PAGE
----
Abstract: We analyze the effect of the projected demographic transition on the political support for social security, and equilibrium outcomes. Embedding a probabilistic-voting setup of electoral competition in the Diamond (1965) OLG model, we find that intergenerational transfers arise in the absence of altruism, commitment, or trigger strategies. Closed-form solutions predict population ageing to lead to higher social security tax rates, a rising share of pensions in GDP, but eventually lower social security benefits per retiree. The response of equilibrium tax rates to demographic shocks reduces old-age consumption risk. Calibrated to match features of the U.S. economy, the model suggests that, in response to the projected demographic transition, social security tax rates will gradually increase to 16 percent; other policies that distort labour supply will become less important; and in contrast with frequently voiced fears, labour supply therefore will rise.
    Keywords: labour supply; Markov perfect equilibrium; probabilistic voting; saving; social security
    JEL: E62 H55
    Date: 2007–04
  35. By: Gomes, Orlando
    Abstract: The standard two-sector growth model with physical and human capital characterizes a process of material accumulation involving simple dynamics; constant long run growth is observable when assuming conventional Cobb-Douglas production functions in both sectors. This framework is developed under a central planner scenario: it is a representative agent that chooses between consumption and capital accumulation, on one hand, and between allocating human capital to each one of the two sectors, on the other. We concentrate in this second choice and we argue that the outcome of the aggregate model is incompatible with a scenario where individual agents, acting in a market economy, are free to decide, in each time moment, how to allocate their human capital in order to produce goods or to create additional skills. Combining individual incentives, the effort of a central planner (i.e., government) to approximate the decentralized outcome to the optimal result and a discrete choice rule that governs the decisions of individual agents, we propose a growth framework able to generate a significant variety of long term dynamic results, including endogenous fluctuations.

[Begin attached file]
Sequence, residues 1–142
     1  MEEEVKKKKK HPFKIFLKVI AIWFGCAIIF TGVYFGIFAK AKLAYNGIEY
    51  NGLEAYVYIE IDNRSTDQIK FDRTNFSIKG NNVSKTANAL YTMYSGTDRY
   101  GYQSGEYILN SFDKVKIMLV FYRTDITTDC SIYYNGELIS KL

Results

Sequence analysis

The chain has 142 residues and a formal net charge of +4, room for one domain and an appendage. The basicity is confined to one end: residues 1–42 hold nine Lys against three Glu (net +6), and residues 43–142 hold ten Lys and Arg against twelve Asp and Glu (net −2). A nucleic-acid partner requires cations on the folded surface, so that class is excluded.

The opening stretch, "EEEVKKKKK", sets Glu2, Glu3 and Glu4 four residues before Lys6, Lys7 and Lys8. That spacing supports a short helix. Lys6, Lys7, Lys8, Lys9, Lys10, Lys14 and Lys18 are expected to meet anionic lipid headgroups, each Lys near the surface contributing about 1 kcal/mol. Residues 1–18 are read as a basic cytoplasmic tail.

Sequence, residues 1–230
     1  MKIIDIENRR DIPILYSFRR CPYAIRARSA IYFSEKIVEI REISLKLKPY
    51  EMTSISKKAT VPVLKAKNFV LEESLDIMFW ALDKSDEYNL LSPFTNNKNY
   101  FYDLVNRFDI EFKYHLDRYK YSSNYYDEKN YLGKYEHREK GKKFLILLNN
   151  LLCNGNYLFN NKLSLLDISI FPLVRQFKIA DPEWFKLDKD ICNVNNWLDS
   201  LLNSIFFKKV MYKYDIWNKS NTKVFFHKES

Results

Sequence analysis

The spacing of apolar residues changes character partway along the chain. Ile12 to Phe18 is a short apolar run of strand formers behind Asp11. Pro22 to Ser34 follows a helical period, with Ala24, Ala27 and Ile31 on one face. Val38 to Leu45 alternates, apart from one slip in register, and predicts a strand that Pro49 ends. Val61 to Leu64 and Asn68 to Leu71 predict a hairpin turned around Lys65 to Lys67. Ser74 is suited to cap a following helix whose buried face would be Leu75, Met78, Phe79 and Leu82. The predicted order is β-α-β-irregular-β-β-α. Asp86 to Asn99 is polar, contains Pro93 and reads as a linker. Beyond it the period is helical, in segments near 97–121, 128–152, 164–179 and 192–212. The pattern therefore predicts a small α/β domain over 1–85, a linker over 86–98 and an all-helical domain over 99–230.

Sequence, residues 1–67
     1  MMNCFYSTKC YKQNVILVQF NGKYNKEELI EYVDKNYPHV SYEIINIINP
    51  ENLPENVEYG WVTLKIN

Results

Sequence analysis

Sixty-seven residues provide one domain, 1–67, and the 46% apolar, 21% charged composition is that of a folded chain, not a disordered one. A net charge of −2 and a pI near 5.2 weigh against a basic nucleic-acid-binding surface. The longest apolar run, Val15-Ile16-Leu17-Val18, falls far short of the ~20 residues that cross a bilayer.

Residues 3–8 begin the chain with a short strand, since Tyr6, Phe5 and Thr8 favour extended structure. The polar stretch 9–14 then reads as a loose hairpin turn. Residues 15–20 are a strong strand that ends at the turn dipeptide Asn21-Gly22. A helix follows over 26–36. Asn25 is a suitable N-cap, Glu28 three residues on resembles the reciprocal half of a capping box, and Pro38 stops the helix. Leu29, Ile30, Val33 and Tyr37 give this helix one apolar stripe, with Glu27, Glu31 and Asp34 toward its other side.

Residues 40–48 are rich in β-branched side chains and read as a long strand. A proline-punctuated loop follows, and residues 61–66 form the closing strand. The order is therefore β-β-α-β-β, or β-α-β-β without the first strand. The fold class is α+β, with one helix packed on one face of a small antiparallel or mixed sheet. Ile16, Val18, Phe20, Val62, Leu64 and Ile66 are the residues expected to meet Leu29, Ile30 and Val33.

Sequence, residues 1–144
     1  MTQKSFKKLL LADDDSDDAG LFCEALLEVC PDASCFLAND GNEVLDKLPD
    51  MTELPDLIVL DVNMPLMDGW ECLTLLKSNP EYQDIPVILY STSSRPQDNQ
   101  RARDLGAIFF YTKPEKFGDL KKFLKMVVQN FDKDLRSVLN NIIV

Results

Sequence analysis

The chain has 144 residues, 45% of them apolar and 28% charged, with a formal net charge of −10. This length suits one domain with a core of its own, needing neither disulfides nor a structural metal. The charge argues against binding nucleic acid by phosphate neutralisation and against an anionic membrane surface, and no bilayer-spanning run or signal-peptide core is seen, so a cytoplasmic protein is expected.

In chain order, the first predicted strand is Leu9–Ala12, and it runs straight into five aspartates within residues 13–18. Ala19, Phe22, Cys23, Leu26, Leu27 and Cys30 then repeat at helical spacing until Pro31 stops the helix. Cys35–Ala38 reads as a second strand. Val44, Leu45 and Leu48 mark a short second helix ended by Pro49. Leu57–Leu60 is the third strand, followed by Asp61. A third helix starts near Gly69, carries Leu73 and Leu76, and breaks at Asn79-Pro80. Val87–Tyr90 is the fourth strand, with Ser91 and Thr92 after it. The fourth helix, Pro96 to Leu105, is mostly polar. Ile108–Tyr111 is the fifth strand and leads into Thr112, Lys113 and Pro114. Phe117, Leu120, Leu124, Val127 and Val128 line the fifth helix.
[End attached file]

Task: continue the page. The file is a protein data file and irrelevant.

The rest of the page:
Keywords: Endogenous growth; Human capital; Endogenous business cycles; Discrete choice; Nonlinear dynamics; Chaos.
    JEL: C61 O41 E32
    Date: 2007–01
  36. By: Andrés Langebaek; Edgar Caicedo
    Abstract: En este trabajo se estima el sesgo total del Índice de Precios al Consumidor en Colombia con base en la metodología propuesta por Hamilton (2001). El ejercicio se fundamenta en la estimación de una ecuación de demanda por alimentos para el período 1984/85 a 1994/95 con la información de la Encuesta de Ingresos y Gastos de esos años. Se llega a la conclusión de que el sesgo total de este índice osciló entre un 1.63 y un 1.69 puntos porcentuales promedio por año en este período.
    Keywords: C43; E31; D12. Classification JEL: Inflación, Curva de Engel y Sesgo del IPC.